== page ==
How to make a small space feel bigger? There's a diverse repertoire of solutions from using transformer furniture to hiding storage in underused spaces like the stairs. In this remodel of a couple's 409-square-foot apartment in Sao Paulo, Brazil, design firm Estúdio BRA took the approach of "densifying" and lowering all elements that might have been visual barriers, in addition to hiding part of the apartment behind a set of accordion walls -- now you see it, now you don't.
Upon entering, there's a mirrored wall to one side. It's a classic trick that gives the illusion of a much larger space, and aids in reflecting natural light all over the home. Because this reflected space feels bigger than it is, a "mini-office" consisting of a desk and upholstered sitting bench has been placed along this mirrored wall, without creating a sense of constraint.
That sense of openness is carried out to the well-lit dining room, which offers views to the rest of the city from this seventeenth floor. This is also where the laundry area has been discreetly placed, along the same wall as the kitchen. The low-lying, half-height television cabinet also serves as a bit of a room divider here, but when extended beyond, it becomes the seating and storage bench for the dining area.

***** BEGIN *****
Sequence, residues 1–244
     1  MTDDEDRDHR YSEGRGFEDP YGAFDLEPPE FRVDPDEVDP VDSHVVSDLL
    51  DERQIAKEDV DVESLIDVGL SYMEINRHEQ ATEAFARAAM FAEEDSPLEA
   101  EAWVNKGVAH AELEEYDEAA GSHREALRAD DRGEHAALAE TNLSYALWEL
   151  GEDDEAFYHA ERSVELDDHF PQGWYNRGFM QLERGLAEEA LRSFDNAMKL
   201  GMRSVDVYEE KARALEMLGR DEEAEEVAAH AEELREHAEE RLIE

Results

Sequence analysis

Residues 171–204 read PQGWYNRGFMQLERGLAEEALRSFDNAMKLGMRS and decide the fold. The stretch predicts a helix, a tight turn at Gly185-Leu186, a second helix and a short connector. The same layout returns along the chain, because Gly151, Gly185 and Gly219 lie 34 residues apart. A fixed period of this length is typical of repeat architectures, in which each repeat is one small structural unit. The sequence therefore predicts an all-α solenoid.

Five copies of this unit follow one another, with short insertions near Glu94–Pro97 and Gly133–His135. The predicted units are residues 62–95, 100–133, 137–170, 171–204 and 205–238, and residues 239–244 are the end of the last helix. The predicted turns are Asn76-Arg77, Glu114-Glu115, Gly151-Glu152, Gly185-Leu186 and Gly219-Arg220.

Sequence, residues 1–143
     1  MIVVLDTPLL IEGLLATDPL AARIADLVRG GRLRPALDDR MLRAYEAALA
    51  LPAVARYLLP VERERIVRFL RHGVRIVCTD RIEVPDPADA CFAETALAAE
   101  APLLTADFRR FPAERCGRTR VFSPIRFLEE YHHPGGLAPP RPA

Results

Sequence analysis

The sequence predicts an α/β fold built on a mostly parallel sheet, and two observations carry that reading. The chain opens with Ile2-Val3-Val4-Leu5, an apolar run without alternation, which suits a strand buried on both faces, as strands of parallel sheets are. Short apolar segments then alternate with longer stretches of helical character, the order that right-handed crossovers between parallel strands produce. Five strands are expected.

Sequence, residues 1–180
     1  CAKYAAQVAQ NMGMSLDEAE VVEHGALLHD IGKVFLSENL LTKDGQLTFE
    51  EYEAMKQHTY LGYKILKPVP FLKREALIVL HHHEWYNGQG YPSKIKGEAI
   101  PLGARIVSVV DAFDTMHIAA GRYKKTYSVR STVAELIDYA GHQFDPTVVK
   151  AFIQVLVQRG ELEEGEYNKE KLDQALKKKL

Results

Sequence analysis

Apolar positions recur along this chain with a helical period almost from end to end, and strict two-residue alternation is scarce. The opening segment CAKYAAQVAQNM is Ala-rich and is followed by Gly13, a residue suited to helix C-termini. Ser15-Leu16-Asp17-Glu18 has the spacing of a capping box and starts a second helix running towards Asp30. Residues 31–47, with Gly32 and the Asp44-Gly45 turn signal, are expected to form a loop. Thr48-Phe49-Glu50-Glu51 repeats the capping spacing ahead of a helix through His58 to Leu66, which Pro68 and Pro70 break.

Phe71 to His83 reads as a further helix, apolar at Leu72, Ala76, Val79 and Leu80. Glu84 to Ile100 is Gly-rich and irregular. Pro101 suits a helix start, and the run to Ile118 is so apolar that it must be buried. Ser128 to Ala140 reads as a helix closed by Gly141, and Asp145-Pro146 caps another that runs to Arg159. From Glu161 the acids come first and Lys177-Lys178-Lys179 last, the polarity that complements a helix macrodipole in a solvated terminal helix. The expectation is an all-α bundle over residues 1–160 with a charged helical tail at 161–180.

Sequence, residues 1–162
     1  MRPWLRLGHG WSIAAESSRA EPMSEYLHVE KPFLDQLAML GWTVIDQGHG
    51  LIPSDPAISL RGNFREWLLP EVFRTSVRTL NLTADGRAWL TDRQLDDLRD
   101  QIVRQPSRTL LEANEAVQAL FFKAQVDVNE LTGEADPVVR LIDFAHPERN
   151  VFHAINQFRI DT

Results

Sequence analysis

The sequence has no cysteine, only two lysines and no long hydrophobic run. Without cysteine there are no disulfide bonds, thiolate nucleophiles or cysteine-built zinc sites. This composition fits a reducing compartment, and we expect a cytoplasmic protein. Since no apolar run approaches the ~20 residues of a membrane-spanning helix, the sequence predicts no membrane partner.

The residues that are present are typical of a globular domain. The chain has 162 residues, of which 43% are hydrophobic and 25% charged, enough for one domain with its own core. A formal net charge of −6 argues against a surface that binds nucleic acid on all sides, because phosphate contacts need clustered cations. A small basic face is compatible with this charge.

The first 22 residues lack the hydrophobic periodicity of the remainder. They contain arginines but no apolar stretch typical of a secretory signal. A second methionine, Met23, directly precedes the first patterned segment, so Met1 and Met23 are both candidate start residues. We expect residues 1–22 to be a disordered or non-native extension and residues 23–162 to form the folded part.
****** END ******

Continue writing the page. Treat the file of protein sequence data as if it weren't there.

Behind the television cabinet is a gray wall that can be pushed aside to reveal the rest of the apartment -- bedroom; and bathroom and closet "densified" into a green-coloured volume. The sink is placed outside of the bathroom, to maximize its use.
Small living spaces might seem like a constraint, but as we've seen over and over again, they can be made to feel larger and function better with a few smart ideas. In this case, functions are packed into denser elements that free up more space, in addition to elements that extend to connect and unify spaces, giving a more expansive feeling. For more, visit Estúdio BRA.